“Room for Manoeuver: Toward a Theory of Practice in Critical Legal Studies”
“Room for Manoeuver: Toward a Theory of Practice in Critical Legal Studies.” Law & Social Inquiry: Journal of the American Bar Foundation 14: 69 – 121.
Abstract: Critical legal studies has drawn criticism for its supposed theoretical inadequacy. James Boyle suggests that critical legal scholarship is characterized by a tension between structural and subjective poles. The idea that social theory must oscillate between structure and subjectivity is misconceived and as a dichotomy, must be rejected. Legal scholars need to radically reconsider understandings of both in order to fully appreciate the complex relationship between them. The structural and subjective need not be extricated, but rather redefined so that their oppositions no longer consume the dominant debates in social theory. An interdisciplinary “practice theory,” later defined in the article, contributes in reinserting agency and practice into critical legal scholarship while providing new conceptual resources to think about legal activity as a product of social agents acting in socially constructed worlds.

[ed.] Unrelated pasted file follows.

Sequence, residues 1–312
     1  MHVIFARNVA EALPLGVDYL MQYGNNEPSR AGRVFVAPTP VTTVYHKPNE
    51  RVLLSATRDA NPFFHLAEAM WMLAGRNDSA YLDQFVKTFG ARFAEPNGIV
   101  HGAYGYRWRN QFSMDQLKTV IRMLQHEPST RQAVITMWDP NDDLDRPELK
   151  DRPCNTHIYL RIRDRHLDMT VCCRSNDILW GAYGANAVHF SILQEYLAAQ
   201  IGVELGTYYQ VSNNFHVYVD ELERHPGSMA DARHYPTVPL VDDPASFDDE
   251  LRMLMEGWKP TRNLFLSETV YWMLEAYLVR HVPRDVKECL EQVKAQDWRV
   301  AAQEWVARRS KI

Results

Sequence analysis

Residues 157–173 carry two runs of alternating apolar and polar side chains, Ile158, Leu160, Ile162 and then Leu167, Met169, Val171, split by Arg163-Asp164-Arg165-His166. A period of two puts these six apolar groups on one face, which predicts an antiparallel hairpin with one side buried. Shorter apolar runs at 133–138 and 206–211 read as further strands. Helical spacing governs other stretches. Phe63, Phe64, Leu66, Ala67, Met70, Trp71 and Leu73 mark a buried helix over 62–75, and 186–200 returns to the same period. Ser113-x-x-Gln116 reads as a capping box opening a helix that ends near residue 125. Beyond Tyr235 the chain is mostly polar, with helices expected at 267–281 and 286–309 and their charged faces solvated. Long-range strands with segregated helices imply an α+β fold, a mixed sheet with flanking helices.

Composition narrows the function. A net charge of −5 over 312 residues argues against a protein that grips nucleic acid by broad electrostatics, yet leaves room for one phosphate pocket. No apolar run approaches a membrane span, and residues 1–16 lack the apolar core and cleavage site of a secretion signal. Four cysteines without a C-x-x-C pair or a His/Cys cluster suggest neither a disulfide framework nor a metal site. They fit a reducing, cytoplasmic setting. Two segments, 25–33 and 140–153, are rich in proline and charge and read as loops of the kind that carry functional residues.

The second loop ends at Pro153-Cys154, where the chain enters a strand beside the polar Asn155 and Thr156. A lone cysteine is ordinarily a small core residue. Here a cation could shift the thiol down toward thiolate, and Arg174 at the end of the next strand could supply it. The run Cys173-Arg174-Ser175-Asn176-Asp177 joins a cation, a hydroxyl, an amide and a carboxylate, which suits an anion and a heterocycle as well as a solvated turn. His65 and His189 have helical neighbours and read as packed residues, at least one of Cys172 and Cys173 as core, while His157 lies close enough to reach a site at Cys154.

Date Published: 1989
Publisher: Law & Social Inquiry: Journal of the American Bar Foundation
Publisher Website: http://www.americanbarfoundation.org/publications/lawsocialinquiry.html